Folate deficiency can result in congenital neural tube defects and megaloblastic anaemia. Low folate levels may be due to insufficient dietary intake or inefficient absorption, but impaired metabolic utilization also occurs.
Because B12 deficiency can produce a similar anaemia to folate deficiency, there is a risk that folate supplementation can delay the diagnosis of B12 deficiency, which can cause irreversible neurological damage. Folic acid supplements may sometimes therefore include vitamin B12 supplements with simultaneous administration of vitamin B12.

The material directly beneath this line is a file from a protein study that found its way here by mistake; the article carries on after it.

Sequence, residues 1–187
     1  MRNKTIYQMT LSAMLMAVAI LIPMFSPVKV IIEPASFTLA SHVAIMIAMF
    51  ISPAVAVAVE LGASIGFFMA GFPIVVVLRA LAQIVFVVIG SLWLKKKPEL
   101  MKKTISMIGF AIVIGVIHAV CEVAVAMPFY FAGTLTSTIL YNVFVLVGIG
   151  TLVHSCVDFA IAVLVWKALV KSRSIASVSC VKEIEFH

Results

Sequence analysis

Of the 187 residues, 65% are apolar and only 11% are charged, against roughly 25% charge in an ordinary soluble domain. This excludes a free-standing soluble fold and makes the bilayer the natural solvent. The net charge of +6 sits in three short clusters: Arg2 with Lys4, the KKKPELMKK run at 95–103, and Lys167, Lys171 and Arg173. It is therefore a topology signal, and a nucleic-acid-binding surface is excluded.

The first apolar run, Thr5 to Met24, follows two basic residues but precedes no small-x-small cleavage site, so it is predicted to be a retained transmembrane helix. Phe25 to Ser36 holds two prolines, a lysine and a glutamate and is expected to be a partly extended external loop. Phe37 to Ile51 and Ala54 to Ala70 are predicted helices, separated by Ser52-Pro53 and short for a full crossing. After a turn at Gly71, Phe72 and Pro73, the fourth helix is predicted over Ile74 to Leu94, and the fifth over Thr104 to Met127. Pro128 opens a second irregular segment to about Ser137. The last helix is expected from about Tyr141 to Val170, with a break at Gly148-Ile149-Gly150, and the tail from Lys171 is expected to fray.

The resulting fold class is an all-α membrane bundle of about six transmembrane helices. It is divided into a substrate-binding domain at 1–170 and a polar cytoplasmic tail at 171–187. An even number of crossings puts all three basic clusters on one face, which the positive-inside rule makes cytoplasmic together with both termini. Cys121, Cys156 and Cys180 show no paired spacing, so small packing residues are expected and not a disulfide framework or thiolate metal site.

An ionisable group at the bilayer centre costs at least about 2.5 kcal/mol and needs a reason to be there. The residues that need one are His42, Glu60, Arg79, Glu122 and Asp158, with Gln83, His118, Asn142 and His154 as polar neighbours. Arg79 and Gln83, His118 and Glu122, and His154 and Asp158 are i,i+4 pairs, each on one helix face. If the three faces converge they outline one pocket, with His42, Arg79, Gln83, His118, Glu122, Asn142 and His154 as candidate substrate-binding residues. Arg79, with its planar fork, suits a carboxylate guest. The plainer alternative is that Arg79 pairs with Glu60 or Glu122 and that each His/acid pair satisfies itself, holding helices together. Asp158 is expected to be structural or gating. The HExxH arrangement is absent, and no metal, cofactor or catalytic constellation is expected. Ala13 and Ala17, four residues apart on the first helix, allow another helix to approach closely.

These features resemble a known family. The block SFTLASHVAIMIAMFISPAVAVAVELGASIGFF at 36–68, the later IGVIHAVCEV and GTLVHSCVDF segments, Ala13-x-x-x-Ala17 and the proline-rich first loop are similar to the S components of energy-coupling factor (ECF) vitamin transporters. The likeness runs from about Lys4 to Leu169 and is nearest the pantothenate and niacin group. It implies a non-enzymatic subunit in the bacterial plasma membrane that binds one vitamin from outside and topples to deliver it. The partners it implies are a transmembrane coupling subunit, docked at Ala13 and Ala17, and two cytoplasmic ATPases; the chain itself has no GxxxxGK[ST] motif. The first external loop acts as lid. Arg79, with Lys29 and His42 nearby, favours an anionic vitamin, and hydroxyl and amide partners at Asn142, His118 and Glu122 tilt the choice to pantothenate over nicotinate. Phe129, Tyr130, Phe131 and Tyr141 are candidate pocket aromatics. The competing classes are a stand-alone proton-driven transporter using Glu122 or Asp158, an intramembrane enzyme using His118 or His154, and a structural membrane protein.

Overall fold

Lesser degrees of folate inadequacy are associated with high blood levels of the amino acid homocysteine which has been linked with the risk of arterial disease, dementia and Alzheimer's disease. There is therefore interest in whether dietary supplementation can improve cognitive function in the elderly.
However, any apparent benefit from folic acid which was given in combination with B12 needs to be "corrected" for any effect of vitamin B12 alone. A separate Cochrane review of vitamin B12 and cognitive function has therefore been published.